Cachupa is a slow boiled stew of hominy corn, beans, vegetables, spices and marinated pork or tuna. It is often described as the staple food of the Cape Verde Islands.
2 cups of corn*
1 cup large dry lima beans
1/2 cup dry stone beans (feijao pedra)
1/4 cup dry red kidney beans
1 lb. lean salt pork meat
1 pig’s foot (split) if desired
1/2 lb chorico sausage (or other smoked garlic sausage)
1 whole, uncut blood pudding sausage (if desired)
1 small cabbage cut in quarters
1 – 2 cups big pieces of hard winter squash (if desired)
6 garlic buds (or more to taste)
2 seeded ripe tomatoes
2 laurel bay leaves
1 chicken bouillon cube (or substitute chicken stock for as much of the liquid as possible)
1/2 c. olive oil
* midge cutchido, dried and hulled cracked corn also commercially available in the U.S. as samp or yellow or white corn groats.
Wash all corn and dry beans. In a heavy large kettle (10 quart) boil corn for 10 minutes and carefully discard froth which collects on the top. Add dry beans, 1 bay leaf and 2 tablespoons of olive oil. Bring to a boil. Lower heat enough to maintain a steady but slow boil. Add salt pork. If you are using pig’s feet add at this time. Leave cover slightly ajar. Throughout cooking make certain liquid covers the corn and beans. Use at least 4 quarts of water or stock. After the mixture has boiled for the first hour add any pork meat and sausage. Cook partially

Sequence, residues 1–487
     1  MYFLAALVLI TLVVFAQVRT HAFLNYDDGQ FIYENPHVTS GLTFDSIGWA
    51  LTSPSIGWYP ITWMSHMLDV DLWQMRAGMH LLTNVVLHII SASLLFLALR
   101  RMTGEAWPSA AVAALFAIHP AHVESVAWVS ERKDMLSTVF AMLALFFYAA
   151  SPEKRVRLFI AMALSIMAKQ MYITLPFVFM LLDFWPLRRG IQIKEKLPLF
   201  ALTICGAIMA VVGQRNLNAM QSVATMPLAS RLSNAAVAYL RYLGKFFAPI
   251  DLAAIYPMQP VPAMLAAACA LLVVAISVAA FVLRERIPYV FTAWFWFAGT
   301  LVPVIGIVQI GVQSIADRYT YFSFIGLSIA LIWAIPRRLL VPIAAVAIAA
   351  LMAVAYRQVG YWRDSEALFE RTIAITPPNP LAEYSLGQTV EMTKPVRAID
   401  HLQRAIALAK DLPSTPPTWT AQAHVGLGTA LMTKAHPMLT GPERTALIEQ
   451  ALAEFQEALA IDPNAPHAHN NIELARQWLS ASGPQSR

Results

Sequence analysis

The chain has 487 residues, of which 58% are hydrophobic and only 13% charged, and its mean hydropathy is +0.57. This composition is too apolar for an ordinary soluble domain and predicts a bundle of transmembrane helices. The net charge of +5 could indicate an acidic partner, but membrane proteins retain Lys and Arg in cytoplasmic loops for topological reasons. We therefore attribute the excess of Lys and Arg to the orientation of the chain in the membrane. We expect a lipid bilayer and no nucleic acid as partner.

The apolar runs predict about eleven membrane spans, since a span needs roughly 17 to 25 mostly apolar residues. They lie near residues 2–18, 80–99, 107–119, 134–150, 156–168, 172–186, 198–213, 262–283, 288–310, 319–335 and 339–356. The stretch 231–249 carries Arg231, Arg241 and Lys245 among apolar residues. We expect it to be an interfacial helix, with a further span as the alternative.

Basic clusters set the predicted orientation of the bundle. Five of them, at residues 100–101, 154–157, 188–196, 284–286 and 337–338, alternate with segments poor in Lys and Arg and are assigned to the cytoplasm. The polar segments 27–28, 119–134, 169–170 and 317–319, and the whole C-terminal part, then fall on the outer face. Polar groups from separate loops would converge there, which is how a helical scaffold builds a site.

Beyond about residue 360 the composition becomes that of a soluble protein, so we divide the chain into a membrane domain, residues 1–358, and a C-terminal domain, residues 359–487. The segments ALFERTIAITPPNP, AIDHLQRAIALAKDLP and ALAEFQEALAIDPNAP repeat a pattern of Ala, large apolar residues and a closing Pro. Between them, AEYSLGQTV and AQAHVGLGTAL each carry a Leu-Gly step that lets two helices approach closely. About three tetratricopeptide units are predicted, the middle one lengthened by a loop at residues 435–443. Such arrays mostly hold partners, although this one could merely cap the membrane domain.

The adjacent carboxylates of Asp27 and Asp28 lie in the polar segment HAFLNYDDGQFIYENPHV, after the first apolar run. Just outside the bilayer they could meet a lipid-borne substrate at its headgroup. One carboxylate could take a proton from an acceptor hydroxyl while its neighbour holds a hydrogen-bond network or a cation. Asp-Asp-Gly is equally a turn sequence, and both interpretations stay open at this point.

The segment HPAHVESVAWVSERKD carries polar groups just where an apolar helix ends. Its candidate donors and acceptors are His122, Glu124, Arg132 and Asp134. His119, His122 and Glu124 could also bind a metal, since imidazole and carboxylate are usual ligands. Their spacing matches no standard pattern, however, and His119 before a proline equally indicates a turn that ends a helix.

covered at a very gentle boil over low heat for an additional one and one half (1 1/2) hours. [Cooking time can be reduced by soaking dry ingredients overnight. But cachupa “purists” prefer to work from dry ingredients].
Sauté onions, garlic, chopped seeded tomato or tomato paste in oil until very soft. Add the second bay leaf. Add the mixture to the kettle when the cachupa has about one hour of cooking time left. Correct seasoning by carefully adding salt and pepper to taste. If adding squash do so when there is about 1/2 hour cooking time remaining. Remember that squash will continue to cook even after the kettle has been removed from the heat. A few Cape Verdean cooks will even add a cup of canned or fresh tuna to the sautéed onion, garlic and tomatoes to enhance the flavor of the stew. But generally one prepares either a meat cachupa or a fish cachupa (cachupa di peixe).
For best results let cachupa sit covered and off the flame for at least twenty minutes before serving. The spices and salt will be absorbed into the corn, bean and the “gravy” will take on its special texture. Arrange the meats and vegetables on a large platter and serve the corn and beans from a bowl. Some folks may want to individually drizzle a little tabasco or piri-piri sauce on top.